How to Become a Fish and Game Warden in New York

There are two sources of jobs for game wardens in New York.  The primary employer is the state’s Department of Environmental Conservation.  Game wardens who work for the state are known as environmental conservation officers (ECOs).  The other option is to work at the federal level for the U.S. Fish and Wildlife Service Office of Law Enforcement.

Being a fish and game warden in New York offers a great deal of diversity given the variety of habitats found in the state.  ECOs in upstate New York face quite different challenges than ones based in New York City.

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The duties of game wardens in upstate New York frequently involve fish and wildlife issues that include dealing with wildlife nuisances such as bears and investigating the theft of timber.

Those who work in New York City tend to work with issues related to air and water quality such as monitoring diesel truck emissions and enforcing solid waste laws. These game wardens may also be faced with investigating the illegal trade of exotic animals such as endangered species, which is prevalent in New York City.

Since game wardens are certified law enforcement officers, they are frequently called on to assist in times of crises, including everything from wildfires to situations with national security implications.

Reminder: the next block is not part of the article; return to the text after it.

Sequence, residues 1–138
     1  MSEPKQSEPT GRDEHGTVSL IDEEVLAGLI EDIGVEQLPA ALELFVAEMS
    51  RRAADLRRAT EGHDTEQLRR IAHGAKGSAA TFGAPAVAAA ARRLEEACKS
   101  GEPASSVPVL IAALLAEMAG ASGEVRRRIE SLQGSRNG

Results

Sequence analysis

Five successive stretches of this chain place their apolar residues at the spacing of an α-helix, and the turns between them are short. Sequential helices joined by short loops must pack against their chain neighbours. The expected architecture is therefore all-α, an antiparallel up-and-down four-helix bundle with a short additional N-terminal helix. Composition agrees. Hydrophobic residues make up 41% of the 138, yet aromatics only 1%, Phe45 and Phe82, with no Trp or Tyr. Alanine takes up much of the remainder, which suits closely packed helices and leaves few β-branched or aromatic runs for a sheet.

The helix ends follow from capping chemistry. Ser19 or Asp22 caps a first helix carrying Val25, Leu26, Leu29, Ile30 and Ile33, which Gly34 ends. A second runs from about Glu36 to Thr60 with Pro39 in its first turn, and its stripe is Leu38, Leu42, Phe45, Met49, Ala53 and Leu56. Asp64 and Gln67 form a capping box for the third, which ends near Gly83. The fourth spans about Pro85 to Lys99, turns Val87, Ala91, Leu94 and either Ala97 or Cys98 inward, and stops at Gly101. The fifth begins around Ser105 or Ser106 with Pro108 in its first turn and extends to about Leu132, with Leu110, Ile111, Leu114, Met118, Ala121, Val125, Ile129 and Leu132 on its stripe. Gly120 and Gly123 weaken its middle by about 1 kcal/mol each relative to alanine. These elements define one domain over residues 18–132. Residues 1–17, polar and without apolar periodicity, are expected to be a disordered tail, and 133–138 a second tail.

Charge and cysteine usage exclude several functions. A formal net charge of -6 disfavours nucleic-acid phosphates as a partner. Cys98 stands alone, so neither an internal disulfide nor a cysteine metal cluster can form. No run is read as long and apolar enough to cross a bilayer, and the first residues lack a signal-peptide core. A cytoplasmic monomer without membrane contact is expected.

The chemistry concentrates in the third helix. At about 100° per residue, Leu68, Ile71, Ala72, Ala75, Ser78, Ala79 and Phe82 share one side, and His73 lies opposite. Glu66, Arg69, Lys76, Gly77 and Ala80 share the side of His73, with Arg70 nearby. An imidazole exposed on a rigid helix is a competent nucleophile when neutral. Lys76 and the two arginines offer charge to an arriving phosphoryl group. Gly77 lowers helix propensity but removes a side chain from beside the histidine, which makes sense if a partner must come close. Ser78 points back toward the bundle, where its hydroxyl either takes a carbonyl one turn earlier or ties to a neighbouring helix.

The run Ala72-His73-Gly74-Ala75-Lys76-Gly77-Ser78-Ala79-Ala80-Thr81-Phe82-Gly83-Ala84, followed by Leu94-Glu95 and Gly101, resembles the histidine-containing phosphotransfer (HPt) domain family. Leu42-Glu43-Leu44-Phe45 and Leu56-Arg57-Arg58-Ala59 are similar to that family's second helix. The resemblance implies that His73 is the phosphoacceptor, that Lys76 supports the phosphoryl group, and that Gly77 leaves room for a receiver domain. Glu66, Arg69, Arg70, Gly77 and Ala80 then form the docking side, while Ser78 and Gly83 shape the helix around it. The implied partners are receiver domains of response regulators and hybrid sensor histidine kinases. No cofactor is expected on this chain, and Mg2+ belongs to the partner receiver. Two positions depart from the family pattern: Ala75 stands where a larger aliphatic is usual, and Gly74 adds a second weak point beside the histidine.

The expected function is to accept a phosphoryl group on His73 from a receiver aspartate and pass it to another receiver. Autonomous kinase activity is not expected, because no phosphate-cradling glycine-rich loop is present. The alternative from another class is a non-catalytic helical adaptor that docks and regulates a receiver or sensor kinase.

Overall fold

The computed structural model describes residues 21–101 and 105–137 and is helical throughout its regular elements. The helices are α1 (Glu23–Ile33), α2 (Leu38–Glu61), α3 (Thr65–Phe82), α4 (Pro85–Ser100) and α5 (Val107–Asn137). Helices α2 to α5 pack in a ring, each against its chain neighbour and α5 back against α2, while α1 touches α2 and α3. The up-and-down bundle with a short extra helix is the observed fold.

As sworn police officers, all New York state game wardens carry a firearm.  Their law enforcement duties also involve using K-9 units in search and rescue operations.

The requirements and training involved in obtaining state and federal game warden jobs in New York are quite different and are described below.

Becoming a Game Warden with the New York Department of Environmental Conservation

The first requirement to become a game warden for the New York Department of Environmental Conservation is to pass a civil service exam.  This exam is only given every few years, so it is critical for aspiring game wardens to monitor when the test is given.

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Requirements to Take the ECO Trainee Test:

Having at least a bachelor’s degree

  • Supplemented by or including 18 credit hours in areas such as:
    • Criminal justice
    • Environmental studies
    • Natural science
    • Natural resource conservation
    • Physical science


  • Computer science credit can meet this requirement if it’s up to 6 hours
  • Or having an associate’s degree with these 18 credit hours

And having one of the following:

  • A year’s experience in one the following fields:
    • Environmental engineering
    • Environmental technology
      • Must be at a paraprofessional or higher level
        • Pollution prevention
        • Remediation
        • Solid and hazardous waste
        • Freshwater or marine sciences
        • Forestry


  • A year’s experience in law enforcement with either type of certification:
    • A police officer from a Municipal Police Training Course
    • A federal law enforcement officer
    • NOTE:  a certified Peace Officer Training Course will not satisfy this requirement


  • Two years of active military service
    • For the U.S.
    • An honorable discharge

Screening Steps after Selection from an Eligibility List:

  • Physical
  • Psychological screening
  • Agility test